Saturday, July 5, 2014

Bees on Corn

Melissodes bimaculata collecting corn pollen
Maricopa corn, image from Native Seeds/SEARCH
This year I experimented with growing my own sweet corn for the first time. I bought a multi-colored 'Maricopa' cultivar from Native Seeds/SEARCH- they no longer have it available in their online store, but it's a very popular product so I'm sure they'll restock in the fall. Native Seeds/SEARCH is a Tucson-based non-profit that specializes in North American vegetable seeds locally adapted to the southwest. I went to them for my corn, beans, tomatoes, and squash this year because I figured if it can handle Arizona, it can deal with the Texas drought. In addition to preserving these native varietals of common garden crops, Native Seeds/SEARCH also donates seed to tribes that have lost their cultural food ways.  At any rate, it's a neat project, and I've had a remarkably trouble-free garden this year. Even my little corn patch is going gangbusters.

Another M. bimaculata, hard at work.

This morning I was watering my garden, and I noticed something quite unexpected: the Melissodes bimaculata that had been so busy pollinating my squash were now collecting pollen from my corn! As most people are aware, corn is wind pollinated, so it certainly doesn't require the services of our native bees. That said, the native bees aren't hurting anything and they are doing remarkable work increasing my squash yields. Anything that keeps them healthy increases the productivity of my garden.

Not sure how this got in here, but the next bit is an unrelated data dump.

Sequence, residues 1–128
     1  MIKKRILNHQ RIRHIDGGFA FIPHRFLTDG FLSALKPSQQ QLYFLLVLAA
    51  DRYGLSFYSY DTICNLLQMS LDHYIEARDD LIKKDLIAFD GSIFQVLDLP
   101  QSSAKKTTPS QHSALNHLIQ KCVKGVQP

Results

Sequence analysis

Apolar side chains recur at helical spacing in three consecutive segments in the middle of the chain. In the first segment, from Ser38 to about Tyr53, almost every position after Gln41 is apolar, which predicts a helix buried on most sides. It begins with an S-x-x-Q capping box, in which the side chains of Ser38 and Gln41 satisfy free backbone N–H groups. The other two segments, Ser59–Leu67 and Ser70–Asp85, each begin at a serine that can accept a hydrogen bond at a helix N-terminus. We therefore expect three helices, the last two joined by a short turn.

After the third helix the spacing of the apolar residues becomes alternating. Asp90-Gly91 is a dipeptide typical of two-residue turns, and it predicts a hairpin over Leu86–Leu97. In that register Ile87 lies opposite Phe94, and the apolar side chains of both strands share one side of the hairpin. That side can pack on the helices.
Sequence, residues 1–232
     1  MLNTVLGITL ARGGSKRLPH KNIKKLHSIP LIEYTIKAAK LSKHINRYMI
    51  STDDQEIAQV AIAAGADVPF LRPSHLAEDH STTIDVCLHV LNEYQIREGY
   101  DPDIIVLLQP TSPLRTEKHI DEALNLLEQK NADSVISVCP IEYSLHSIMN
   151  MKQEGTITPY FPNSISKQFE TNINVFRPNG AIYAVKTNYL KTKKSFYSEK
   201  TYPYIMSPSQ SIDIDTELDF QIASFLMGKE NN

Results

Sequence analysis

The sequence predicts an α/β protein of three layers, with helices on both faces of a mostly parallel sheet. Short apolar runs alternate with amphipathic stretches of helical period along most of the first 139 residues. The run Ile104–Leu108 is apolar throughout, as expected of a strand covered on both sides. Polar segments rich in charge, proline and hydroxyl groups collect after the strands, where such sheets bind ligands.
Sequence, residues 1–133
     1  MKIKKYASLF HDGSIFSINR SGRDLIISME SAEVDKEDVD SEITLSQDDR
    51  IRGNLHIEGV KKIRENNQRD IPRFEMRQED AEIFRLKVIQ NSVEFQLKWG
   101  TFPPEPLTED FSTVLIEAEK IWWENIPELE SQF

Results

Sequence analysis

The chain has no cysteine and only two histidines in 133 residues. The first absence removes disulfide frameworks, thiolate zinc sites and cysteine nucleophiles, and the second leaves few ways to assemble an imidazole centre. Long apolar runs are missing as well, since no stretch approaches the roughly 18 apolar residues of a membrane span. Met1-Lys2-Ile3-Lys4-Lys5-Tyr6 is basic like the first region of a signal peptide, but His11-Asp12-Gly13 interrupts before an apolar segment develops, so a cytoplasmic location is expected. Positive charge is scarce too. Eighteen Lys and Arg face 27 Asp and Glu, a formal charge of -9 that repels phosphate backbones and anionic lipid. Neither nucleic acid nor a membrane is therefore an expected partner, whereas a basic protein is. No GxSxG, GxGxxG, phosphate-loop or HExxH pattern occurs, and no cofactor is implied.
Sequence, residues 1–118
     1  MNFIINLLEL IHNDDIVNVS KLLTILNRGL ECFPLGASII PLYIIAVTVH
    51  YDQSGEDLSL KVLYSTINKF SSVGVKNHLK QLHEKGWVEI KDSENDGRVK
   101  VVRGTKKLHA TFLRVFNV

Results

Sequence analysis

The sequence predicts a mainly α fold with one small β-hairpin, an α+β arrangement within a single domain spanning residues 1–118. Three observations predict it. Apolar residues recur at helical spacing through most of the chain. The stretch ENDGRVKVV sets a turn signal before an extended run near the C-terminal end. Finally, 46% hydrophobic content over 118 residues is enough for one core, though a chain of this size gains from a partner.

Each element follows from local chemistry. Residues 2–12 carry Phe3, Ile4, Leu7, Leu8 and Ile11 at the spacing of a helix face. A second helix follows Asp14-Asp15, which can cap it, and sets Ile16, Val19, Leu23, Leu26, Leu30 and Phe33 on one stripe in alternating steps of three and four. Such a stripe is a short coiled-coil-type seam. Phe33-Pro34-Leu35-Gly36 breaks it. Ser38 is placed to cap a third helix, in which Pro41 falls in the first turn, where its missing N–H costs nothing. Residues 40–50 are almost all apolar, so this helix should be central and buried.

So: why do I care that my neighbor-bees are eating corn pollen? Well, I've heard the argument that corn pre-treated with pesticides (i.e., neonicitonoids) is harmless because corn isn't insect pollinated. After watching the bees in my garden, I feel pretty safe making the statement that there is still a high potential for exposure.

I also worry that these fuzzy little bees are exploiting the corn pollen because there isn't much else available. I know the local bee populations took a real hit when the vacant-lot prairie was scraped clear to the bed-rock. I hope they are eating the corn pollen because it's convenient, and not because they are starving!

M. bimaculata are named for their two white spots, one on either side of their abdomen


  1. Thanks for noticing this - and for your important observation about how native bee populations may, indeed, by affected by neonics on/in corn, even though corn is wind-pollinated. I hadn't thought of this possibility.

    1. A number of my colleagues have also seen bees gathering pollen from corn and other grasses- they have pictures of bumblebees exploiting this resource too. It seems like bees that are polylectic (ie, not at all picky) will collect grass pollen. Bumblebees and honeybees are both examples of polylectic bees.